It is usual to conclude from information like that that crime is rising like some great noxious wave. Parallels are drawn with the increase in divorce, abortions, venereal disease, to compose a picture of a society about to collapse into a new Dark Age. Retired officers in Bournemouth cower behind their Daily Telegraph and take hope from the politicians— usually Tory — who call for harsher penalties and tougher prisons.

In a sense they have reason to be concerned; so steep a rise in recorded crime is a comparatively recent trend. From 1900 to 1920 crime tended to rise in line with the population; it went up more sharply during the Slump, then levelled off before bursting up in the post war “crime wave”. That, too, was seen as a fundamental threat to social order but it was followed, between 1950 and 1954, by a relative stability in the figures. Since then they have been rising and are now doing so at about 15 per cent each year.

But these figures should not be taken neat and regarded as an accurate measure of social behaviour; there are important qualifications which need to be applied. Firstly, “serious” crime—murder, the more grievous assaults; armed robbery—makes up only about 4 per cent of the total. Much of the rest, apart from motoring offences, consists of theft—and about 65 per cent of that involves property under £25 in value. So if the figures for crime tell us anything, it is not that we are about to be murdered in our beds — statistically we are more likely to be involved in a little shoplifting.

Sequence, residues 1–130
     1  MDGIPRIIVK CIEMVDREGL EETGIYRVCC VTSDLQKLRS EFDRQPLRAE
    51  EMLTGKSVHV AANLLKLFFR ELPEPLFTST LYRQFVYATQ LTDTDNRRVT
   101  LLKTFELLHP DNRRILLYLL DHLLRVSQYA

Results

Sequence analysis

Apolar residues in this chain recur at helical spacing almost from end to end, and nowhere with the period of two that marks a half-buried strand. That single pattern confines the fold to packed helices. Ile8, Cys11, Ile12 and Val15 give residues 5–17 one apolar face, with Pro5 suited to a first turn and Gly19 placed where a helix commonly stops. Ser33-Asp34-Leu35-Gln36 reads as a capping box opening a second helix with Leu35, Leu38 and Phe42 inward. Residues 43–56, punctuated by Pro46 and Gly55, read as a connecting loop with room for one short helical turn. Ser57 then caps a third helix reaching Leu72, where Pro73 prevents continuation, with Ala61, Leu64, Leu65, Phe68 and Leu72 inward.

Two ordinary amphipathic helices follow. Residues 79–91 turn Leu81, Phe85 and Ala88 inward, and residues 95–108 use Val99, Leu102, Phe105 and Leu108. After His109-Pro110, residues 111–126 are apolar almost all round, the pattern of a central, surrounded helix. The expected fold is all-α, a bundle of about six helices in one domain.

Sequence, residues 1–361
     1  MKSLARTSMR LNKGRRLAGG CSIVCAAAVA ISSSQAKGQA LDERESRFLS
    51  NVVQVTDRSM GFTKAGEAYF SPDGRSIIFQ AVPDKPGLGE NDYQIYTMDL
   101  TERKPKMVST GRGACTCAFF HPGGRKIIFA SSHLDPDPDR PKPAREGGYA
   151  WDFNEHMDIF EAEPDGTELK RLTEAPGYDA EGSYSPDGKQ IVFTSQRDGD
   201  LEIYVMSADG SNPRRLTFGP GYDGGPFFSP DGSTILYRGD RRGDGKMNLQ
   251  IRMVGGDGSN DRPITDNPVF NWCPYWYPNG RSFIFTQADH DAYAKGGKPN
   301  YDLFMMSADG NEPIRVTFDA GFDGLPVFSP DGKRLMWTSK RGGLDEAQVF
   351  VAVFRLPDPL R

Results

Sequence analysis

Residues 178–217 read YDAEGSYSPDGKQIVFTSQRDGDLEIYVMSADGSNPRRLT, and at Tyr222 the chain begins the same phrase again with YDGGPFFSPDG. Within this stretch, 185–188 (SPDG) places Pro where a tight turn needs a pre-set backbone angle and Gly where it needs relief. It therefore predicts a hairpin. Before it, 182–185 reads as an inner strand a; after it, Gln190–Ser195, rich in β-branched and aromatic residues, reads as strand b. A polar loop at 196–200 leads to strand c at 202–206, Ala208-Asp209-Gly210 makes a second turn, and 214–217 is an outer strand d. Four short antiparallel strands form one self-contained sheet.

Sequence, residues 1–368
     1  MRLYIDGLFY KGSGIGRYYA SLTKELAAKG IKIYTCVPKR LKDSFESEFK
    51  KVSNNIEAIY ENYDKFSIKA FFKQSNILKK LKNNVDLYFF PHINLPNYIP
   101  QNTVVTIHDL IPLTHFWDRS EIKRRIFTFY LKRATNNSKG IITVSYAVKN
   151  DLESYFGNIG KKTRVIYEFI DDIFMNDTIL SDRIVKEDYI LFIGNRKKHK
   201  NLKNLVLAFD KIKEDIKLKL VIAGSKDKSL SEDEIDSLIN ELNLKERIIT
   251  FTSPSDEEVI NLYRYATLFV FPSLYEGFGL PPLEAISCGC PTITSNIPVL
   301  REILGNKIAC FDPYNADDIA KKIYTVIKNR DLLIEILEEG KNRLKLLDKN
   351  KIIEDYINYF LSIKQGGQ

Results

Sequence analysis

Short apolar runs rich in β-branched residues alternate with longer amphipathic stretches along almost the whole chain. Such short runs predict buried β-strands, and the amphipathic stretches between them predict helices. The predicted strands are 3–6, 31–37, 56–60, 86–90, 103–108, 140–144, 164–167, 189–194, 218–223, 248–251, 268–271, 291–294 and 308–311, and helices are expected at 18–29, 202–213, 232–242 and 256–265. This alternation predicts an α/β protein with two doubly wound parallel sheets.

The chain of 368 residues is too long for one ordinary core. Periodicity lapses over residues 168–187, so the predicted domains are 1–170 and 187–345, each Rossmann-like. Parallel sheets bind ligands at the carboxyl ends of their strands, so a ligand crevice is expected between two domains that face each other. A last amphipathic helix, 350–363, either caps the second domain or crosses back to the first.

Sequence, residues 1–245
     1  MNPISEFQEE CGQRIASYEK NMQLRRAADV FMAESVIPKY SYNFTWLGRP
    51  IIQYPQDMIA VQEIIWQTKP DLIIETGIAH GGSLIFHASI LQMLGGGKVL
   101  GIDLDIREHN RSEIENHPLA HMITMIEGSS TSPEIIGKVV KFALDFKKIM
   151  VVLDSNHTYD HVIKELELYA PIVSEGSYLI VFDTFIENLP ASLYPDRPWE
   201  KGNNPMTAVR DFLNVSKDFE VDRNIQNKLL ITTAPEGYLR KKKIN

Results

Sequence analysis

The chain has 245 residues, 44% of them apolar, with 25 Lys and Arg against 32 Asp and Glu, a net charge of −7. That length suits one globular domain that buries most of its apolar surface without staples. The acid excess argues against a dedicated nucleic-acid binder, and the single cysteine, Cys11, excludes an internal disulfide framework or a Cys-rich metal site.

Then there is the matter of the very basis of the statistics—the fact that they measure only recorded crime, or crime known to the police. And of course a lot of offences never come to police notice—minor acts of vandalism or the theft of a small amount of money from an unattended handbag or a black eye after a night on the beer. This means, firstly, that there is a lot more crime than we ever hear about and secondly that the statistics might be completely wrong, especially in recording rises or falls in particular crimes, because there may be reasons which persuade people to report a crime at one time and not at another.

For example, the National Association for the Care and Resettlement of Offenders thinks (The Guardian, 25/4/78) that the apparent increase in burglaries, which so worries the British Insurance Association, is due in part to people being readier to report the offence and the reason for this is that there has been an increase in the insurance of household contents, along with insuring the mortgage.

In the same way, the police may in some circumstances arrest someone for an offence when at other times they might let him go. Police activity can be influenced by the policy—which might mean the personal quirks—of their Chief Constable. In Greater Manchester the head policeman, James Anderton, has a reputation for a persecutionary zeal against those who are labelled as sexual deviants. According to The Guardian (11/4/78) Anderton’s policemen are especially active against homosexual clubs and were actually considering bringing a prosecution against one, under a bylaw of 1882, for “licentious or indecent dancing”. But the Greater Manchester force does not display the same enthusiasm to hunt down all law breakers; their policy in the case of motorists is to go soft and to try for persuasion before prosecution. Now the figures for crime in Greater Manchester in 1977 went up by over 10 per cent, while those for motoring fell by 35 per cent. But this does not mean that when in Manchester you can cross the road safely but must watch who you dance with.